Dealing with a Restrictive Diet in Eating Disorder Recovery
A restrictive diet in eating disorder recovery seems counter-intuitive but it can be necessary. Eating disorder recovery is a tough thing to stay on track with. It can become even more difficult when you have to restrict your diet. Here I share my experience of this and how I am managing to sustain recovery on a dairy-free restrictive diet.
A Restrictive Diet for Stomach Issues
I'm on a restrictive diet because for the past few years I have, every now and again, dealt with stomach issues. I experience severe pain, sickness, and find it hard to function as I normally would. Since these episodes have become more frequent in the past months, I decided it was time to see a specialist.
The doctor ordered a series of tests for me and also told me that I was not to eat dairy anymore. I fully understood the purpose of this restrictive diet but at the same time, this simple instruction completely shook my system. I have learned through my recovery not to restrict or eliminate any food group. What I was now being told to do was the exact opposite.
I now had to rewire my thoughts to rationalize that removing dairy from my diet was something that my body needed. This was not the choice of my eating disorder, this was doctor's orders. I'm not going to sugarcoat this -- it was an extremely hard process for me to get through and truly find acceptance with.
Challenges of a Restrictive Diet in ED Recovery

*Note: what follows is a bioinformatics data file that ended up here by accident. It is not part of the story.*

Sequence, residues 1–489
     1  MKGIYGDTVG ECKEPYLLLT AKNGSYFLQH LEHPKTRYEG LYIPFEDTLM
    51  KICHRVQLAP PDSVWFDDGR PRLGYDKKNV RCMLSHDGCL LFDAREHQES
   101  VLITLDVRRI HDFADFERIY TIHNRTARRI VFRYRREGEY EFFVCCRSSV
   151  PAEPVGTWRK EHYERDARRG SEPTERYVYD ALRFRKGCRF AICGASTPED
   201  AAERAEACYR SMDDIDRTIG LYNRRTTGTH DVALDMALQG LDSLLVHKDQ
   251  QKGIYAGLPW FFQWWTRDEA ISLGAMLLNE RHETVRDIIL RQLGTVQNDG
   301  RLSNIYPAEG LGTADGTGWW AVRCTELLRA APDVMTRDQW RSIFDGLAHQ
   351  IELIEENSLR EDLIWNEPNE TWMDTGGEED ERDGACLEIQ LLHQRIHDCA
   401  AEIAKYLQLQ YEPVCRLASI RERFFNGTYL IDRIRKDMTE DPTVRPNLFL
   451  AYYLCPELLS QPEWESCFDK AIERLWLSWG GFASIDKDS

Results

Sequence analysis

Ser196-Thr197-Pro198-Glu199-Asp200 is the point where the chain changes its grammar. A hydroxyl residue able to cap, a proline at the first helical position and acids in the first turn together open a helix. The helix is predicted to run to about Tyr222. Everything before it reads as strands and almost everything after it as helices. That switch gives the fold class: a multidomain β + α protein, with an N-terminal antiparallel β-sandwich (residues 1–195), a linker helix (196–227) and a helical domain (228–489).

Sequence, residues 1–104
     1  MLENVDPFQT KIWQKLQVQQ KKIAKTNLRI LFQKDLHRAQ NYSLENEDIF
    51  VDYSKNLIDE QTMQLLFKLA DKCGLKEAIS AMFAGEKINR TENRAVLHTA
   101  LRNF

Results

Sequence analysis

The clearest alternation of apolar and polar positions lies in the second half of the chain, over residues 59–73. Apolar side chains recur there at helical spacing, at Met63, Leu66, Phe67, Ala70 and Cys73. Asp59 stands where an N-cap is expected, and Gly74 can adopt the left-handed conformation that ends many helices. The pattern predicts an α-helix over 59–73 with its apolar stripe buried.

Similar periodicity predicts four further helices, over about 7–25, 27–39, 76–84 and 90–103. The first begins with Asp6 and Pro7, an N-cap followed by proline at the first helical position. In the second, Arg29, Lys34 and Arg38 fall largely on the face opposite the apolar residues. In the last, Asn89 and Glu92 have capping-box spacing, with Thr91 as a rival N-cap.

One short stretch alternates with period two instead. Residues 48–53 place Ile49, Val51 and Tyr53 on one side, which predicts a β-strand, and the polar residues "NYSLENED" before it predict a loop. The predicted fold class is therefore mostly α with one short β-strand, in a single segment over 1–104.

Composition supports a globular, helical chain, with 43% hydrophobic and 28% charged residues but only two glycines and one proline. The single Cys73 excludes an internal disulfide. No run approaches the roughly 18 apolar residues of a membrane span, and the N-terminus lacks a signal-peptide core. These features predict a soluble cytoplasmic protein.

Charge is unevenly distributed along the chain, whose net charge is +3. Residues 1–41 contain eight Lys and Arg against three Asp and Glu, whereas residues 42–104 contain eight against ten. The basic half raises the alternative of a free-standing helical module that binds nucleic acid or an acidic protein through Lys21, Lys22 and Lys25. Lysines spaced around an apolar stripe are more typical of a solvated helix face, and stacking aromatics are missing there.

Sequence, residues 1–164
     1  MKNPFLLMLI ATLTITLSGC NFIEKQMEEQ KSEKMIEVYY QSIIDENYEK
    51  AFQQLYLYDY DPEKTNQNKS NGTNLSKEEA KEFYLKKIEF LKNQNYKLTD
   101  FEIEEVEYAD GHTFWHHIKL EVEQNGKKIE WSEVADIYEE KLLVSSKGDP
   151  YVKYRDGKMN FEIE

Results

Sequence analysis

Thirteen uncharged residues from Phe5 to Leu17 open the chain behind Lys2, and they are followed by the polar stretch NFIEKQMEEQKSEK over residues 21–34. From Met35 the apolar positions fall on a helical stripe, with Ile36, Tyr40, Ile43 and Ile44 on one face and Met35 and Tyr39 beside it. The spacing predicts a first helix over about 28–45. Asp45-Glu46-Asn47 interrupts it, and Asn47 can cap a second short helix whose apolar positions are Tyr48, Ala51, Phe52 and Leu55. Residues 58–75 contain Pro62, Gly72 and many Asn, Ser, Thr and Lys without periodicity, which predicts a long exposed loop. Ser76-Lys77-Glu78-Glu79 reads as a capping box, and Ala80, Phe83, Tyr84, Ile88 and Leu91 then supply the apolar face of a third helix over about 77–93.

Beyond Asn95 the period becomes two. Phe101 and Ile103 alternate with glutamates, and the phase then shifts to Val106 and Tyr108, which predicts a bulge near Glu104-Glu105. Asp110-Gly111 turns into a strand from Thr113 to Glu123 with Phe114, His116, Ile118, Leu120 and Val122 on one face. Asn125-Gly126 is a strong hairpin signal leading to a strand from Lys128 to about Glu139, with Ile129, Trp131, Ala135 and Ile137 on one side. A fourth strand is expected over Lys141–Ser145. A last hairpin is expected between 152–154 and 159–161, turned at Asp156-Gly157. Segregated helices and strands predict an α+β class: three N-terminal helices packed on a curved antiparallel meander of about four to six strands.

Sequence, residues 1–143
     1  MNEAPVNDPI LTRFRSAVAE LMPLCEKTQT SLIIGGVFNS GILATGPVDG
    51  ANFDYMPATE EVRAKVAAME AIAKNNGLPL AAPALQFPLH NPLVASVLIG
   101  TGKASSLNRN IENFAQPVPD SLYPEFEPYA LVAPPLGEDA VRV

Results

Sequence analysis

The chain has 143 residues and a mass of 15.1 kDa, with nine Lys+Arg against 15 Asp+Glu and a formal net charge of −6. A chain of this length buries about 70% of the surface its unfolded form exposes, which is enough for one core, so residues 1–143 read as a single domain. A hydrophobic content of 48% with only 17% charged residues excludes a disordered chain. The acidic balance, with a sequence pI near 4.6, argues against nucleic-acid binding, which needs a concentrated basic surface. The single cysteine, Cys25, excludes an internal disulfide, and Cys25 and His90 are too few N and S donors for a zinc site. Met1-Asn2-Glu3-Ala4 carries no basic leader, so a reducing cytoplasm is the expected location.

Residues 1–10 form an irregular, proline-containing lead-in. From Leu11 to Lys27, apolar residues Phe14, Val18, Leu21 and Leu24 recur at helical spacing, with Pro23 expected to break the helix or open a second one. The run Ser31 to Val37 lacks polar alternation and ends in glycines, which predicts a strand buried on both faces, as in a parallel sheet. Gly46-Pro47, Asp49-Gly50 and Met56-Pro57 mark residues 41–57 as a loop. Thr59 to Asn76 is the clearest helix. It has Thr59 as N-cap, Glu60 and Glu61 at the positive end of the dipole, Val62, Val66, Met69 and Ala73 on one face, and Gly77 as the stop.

Having finally accepted this reality, I have managed to stay dairy-free while still fully following my meal plan. I have found suitable substitutes to fulfill the dairy products that I once ate.
This process was slightly triggering for me. When at the grocery store, I was forced to read nutrition label after nutrition label, making sure what I was buying would not cause my stomach to act up. This took me back to eating disorder days when I would not purchase any food item without knowing all the information the label could offer me ("How to Face Down Your Triggers in Eating Disorder Recovery").
However, now that I have a better understanding of dairy-free living, I have to do this less and less.
The other challenging part of this process has been craving foods that I can no longer have. Part of this is caused by knowing I am not able to have them, the other part is that I simply miss eating them. I've combated these cravings, which eventually turned to urges, by reasoning with myself and using rational thinking. If I were to eat this food I so deeply craved, I would feel physically awful and probably emotionally awful as well.
My advice to you if dealing with a restrictive diet similar to mine is to be gentle with yourself. This is a difficult transition when you are so used to your routine with food. Talk to a dietitian for suggestions and try not to freak out if you start to fantasize about the foods you can no longer consume, it is completely normal.
You can do this. Keep believing in yourself.
Bialka, G. (2018, August 5). Dealing with a Restrictive Diet in Eating Disorder Recovery, HealthyPlace. Retrieved on 2019, June 26 from https://www.healthyplace.com/blogs/bingeeatingrecovery/2018/08/dealing-with-a-restrictive-diet-in-eating-disorder-recovery